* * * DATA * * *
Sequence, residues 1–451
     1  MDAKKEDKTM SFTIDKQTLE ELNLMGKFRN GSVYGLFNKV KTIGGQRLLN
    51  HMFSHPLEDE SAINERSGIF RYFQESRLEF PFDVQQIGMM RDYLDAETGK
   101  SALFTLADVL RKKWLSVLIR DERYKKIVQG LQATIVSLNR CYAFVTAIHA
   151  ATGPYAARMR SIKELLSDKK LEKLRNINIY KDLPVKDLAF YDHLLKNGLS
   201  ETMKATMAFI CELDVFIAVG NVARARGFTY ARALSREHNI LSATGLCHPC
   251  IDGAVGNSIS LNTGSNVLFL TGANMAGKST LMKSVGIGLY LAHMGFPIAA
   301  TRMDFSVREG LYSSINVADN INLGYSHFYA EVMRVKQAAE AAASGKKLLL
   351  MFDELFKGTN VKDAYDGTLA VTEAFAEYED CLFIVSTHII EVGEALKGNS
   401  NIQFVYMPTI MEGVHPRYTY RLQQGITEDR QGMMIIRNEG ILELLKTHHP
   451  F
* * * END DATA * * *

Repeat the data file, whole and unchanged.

Sequence, residues 1–451
     1  MDAKKEDKTM SFTIDKQTLE ELNLMGKFRN GSVYGLFNKV KTIGGQRLLN
    51  HMFSHPLEDE SAINERSGIF RYFQESRLEF PFDVQQIGMM RDYLDAETGK
   101  SALFTLADVL RKKWLSVLIR DERYKKIVQG LQATIVSLNR CYAFVTAIHA
   151  ATGPYAARMR SIKELLSDKK LEKLRNINIY KDLPVKDLAF YDHLLKNGLS
   201  ETMKATMAFI CELDVFIAVG NVARARGFTY ARALSREHNI LSATGLCHPC
   251  IDGAVGNSIS LNTGSNVLFL TGANMAGKST LMKSVGIGLY LAHMGFPIAA
   301  TRMDFSVREG LYSSINVADN INLGYSHFYA EVMRVKQAAE AAASGKKLLL
   351  MFDELFKGTN VKDAYDGTLA VTEAFAEYED CLFIVSTHII EVGEALKGNS
   401  NIQFVYMPTI MEGVHPRYTY RLQQGITEDR QGMMIIRNEG ILELLKTHHP
   451  F